Could Philadelphia make its COVID-19 eviction diversion program permanent?
The program helped keep hundreds of Philadelphians in their homes amid the pandemic.
City Councilmember Helen Gym, the first Asian-American woman to serve in Philadelphia’s City Council, has been leading a human rights agenda since she was first elected in 2016.
She is the chair of Council’s Children and Youth Committee, and established the city’s first legal defense fund for tenants facing eviction, as well as the first fund to specifically address youth homelessness.
The school district's getting over $1 billion in federal relief as part of the largest federal infusion of funding in history. It’s up to us to collectively build funding priorities.
Tell us your priorities: https://t.co/aJ9LiOFEAx
TONIGHT join us for a town hall at 6pm pic.twitter.com/uHIhFdFLnB
— Helen Gym (@HelenGymAtLarge) March 30, 2021
When Gym found out that one in 14 renters are evicted each year, which translates to nearly 20,000 annual evictions in Philadelphia courts, she got straight to work.
In December 2019, she spoke to City Wide Stories, explaining that her experience as a former teacher gave her expert knowledge about how evictions majorly disrupt the lives of children and families.
“Our hearings showed that evictions too often resulted in people losing jobs, going into worse housing, children losing a right to attend their neighborhood school, and families breaking up,” Gym said.
Philadelphia is the poorest large city in the U.S., and more than half of the residents are renters, and Gym believes that the city must recognize housing as a human right.
The city is at a pivotal point in history in regards to completely changing the eviction landscape — but they must act quickly.
Just three days before the CDC’s nationwide eviction moratorium expired, President Joe Biden announced that this crucial protection for renters will be extended through June 2021.
The impact of evictions during the coronavirus pandemic is very noticeable. If people are exiled from their homes, it’s impossible for them to quarantine themselves and stay safe.
But evictions remain a serious public health crisis outside of the context of this global pandemic. Fortunately, Philadelphia was able to positively manage evictions, even throughout a year that brought on intense and unprecedented challenges.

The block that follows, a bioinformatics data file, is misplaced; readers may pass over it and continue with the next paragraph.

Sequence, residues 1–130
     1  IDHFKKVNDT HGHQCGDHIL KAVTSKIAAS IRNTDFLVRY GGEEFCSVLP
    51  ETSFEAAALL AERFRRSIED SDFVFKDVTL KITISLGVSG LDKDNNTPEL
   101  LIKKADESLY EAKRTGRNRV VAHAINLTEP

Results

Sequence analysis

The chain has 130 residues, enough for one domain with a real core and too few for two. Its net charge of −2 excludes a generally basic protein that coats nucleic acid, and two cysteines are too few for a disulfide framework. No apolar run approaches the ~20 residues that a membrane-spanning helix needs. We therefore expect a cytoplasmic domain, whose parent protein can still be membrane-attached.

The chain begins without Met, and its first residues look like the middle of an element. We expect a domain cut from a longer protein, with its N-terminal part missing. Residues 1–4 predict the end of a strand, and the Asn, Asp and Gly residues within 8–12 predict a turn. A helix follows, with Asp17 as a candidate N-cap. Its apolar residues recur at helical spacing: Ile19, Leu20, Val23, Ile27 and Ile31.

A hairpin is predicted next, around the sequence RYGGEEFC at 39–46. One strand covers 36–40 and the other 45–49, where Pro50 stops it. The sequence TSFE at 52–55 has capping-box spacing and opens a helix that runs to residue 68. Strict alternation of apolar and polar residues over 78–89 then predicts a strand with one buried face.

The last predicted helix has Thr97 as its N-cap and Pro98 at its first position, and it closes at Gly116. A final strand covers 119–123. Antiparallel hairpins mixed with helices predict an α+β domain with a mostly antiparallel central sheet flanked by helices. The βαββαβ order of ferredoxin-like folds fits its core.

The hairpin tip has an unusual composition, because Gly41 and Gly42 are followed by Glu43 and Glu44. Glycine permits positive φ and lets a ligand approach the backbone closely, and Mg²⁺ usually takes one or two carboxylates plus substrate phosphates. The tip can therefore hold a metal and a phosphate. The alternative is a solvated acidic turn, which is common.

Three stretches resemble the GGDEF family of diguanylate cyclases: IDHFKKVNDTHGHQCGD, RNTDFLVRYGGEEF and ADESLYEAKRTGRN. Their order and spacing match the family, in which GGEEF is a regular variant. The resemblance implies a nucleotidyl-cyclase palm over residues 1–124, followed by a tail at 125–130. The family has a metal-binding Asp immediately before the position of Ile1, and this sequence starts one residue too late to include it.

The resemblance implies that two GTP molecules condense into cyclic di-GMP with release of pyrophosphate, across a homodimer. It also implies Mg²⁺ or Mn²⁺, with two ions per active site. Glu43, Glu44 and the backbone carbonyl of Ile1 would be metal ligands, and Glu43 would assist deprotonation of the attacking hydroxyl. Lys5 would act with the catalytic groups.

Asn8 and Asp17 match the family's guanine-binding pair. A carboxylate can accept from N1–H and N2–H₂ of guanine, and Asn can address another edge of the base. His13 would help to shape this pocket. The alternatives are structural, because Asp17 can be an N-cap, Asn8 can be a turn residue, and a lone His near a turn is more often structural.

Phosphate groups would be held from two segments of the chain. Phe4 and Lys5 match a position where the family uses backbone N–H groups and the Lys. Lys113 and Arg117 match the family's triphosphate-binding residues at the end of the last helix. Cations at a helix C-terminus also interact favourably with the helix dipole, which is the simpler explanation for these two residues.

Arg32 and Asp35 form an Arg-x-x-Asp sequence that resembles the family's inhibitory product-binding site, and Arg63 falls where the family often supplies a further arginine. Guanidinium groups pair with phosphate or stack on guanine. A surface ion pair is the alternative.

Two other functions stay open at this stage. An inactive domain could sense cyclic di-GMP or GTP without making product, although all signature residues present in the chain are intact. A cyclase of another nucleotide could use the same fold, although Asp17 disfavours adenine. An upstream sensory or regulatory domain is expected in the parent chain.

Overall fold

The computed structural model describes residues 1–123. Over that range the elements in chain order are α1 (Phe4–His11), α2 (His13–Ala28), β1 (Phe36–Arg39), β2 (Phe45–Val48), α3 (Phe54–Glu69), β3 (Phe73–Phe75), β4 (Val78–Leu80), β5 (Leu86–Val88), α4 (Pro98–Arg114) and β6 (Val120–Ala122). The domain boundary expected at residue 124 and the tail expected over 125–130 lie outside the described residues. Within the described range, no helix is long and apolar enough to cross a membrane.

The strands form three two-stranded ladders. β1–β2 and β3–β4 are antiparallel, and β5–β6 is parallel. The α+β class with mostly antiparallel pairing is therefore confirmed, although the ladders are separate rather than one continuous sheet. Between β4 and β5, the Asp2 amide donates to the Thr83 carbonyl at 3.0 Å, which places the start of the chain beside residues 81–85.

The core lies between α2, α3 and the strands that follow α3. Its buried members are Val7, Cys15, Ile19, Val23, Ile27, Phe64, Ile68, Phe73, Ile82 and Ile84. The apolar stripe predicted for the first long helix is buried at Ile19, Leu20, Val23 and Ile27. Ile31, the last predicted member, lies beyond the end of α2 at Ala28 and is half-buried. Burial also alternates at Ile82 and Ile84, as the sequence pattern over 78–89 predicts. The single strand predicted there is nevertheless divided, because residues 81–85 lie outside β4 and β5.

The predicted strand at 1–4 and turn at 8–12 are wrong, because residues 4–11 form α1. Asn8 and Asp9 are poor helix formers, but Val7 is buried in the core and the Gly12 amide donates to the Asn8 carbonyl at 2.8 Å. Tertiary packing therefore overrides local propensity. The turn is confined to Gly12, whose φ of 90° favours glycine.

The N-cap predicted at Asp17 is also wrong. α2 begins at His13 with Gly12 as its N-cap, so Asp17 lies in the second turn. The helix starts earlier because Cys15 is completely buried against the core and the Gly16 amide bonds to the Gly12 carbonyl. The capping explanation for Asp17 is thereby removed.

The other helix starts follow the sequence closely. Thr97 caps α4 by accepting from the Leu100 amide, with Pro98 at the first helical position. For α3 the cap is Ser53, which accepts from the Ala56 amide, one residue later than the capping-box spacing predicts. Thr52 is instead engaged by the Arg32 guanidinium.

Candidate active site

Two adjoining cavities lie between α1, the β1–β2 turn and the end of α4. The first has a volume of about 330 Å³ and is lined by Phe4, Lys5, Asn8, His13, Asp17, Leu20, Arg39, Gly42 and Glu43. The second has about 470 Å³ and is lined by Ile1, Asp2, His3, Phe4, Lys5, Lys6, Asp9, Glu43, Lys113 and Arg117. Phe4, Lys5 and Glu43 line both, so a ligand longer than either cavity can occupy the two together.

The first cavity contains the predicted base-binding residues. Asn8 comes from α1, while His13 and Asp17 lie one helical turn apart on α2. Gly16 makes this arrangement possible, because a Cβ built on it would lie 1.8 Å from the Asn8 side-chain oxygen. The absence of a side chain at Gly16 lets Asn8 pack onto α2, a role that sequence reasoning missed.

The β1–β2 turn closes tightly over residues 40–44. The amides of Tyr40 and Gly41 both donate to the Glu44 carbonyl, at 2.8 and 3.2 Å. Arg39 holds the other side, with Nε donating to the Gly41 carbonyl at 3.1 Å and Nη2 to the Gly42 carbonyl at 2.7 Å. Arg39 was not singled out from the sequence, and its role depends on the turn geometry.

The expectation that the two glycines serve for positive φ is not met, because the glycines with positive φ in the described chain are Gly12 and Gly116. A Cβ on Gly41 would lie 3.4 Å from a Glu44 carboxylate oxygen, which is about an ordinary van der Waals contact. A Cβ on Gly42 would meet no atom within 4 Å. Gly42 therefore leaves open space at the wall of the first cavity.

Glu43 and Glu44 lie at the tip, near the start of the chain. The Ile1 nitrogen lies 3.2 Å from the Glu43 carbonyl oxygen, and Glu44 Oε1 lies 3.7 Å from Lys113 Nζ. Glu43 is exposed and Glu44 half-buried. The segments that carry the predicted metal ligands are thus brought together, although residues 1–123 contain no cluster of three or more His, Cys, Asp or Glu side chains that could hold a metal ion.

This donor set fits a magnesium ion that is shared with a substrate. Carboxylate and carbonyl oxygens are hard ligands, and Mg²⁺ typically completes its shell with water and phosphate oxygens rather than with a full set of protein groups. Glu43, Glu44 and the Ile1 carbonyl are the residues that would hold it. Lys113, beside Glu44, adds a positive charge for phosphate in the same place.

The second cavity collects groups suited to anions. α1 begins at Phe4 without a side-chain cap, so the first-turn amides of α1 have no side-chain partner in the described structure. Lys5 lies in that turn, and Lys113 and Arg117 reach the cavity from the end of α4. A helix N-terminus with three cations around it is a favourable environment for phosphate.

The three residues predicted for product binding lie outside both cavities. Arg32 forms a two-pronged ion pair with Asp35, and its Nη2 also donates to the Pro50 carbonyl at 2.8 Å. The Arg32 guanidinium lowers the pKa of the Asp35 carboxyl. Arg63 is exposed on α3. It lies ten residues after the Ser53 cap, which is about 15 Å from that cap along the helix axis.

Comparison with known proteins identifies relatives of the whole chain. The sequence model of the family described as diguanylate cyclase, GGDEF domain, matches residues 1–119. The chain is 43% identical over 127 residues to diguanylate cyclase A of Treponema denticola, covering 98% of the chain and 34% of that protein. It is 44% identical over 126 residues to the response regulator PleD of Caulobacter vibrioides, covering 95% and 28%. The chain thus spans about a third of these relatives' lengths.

When pandemic concerns led to nationwide shut down court closures, Philadelphia’s landlords only filed 4,700 evictions, compared to the similarly sized city of Phoenix, Arizona, which filed 31,000 evictions, according to Eviction Lab data.
One of the many reasons for the low eviction filing rate is a result of the Emergency Housing Protection Act, a package of bills put forth by Councilmembers Jamie Gauthier, Helen Gym and Kendra Brooks, that halted evictions and created the Eviction Diversion Program, along with other protective measures.
City Council unanimously passed this package of five housing bills in June 2020, in an attempt to keep residents in their homes, prevent mass evictions and further stress on city services.
On May 1, when the three lawmakers introduced the package of bills, Councilmember Kendra Brooks told reporters that she knows firsthand how these protections will have an “enormous impact” on Philadelphia families.
“Today, City Council stepped up to the plate and passed bills that provided needed security for our community members that have been hit the hardest by this public health crisis,” Brooks said.
When CARES Act rental assistance money arrived, City Council quickly launched PHLRentAssist, a program that offered emergency assistance to those who lost income due to COVID-19, and offered assistance to landlords as well.
Tenants must have annual earnings that fall at or below 80% of the area median income, or must show that they’ve experienced financial hardship due to the pandemic, or proof that they are at risk for experiencing homelessness.
Tenants going through the city’s Eviction Diversion Program were prioritized. The program will also be funded until August 2022.
With this infrastructure in place in addition to rental assistance provided by President Biden’s American Rescue Plan, Philadelphia has a unique opportunity to make this low eviction rate the new normal.
Making the Eviction Diversion Program permanent could achieve this ideal reality. Since September 2020, the program held more than 1,000 mediations, in which 91% were able to reach an agreement, all while avoiding harmful eviction filing on the tenant’s record.
On Tuesday, March 23, members of City Council, including Gym, sent a letter to the leadership of Municipal Court, requesting that they institutionalize the program as part of the court process.
Philadelphia is leading the nation in building alternatives to eviction that keep renters housed.
My letter urged the courts to adopt the eviction diversion program and run it like foreclosure diversion, cosigned by 10 colleagues. The Inquirer agrees https://t.co/P7XGaVKi0x
— Helen Gym (@HelenGymAtLarge) March 29, 2021
In her conversation with City Wide Stories in 2019, Gym said that this is an issue that “we can’t carry alone.”
“This has to be a purposeful effort on our part because housing policy is complicated and it’s not always easy to distill into snappy talking points, but it deals with the fundamental and most urgent needs of our people and our communities,” Gym said.
If Philadelphia is ready to take poverty reduction seriously, it needs to expand on the work it has done in the past year.
This article is part of Broke in Philly, a collaborative reporting project among more than 20 news organizations focused on economic mobility in Philadelphia. Read all of our reporting at brokeinphilly.org.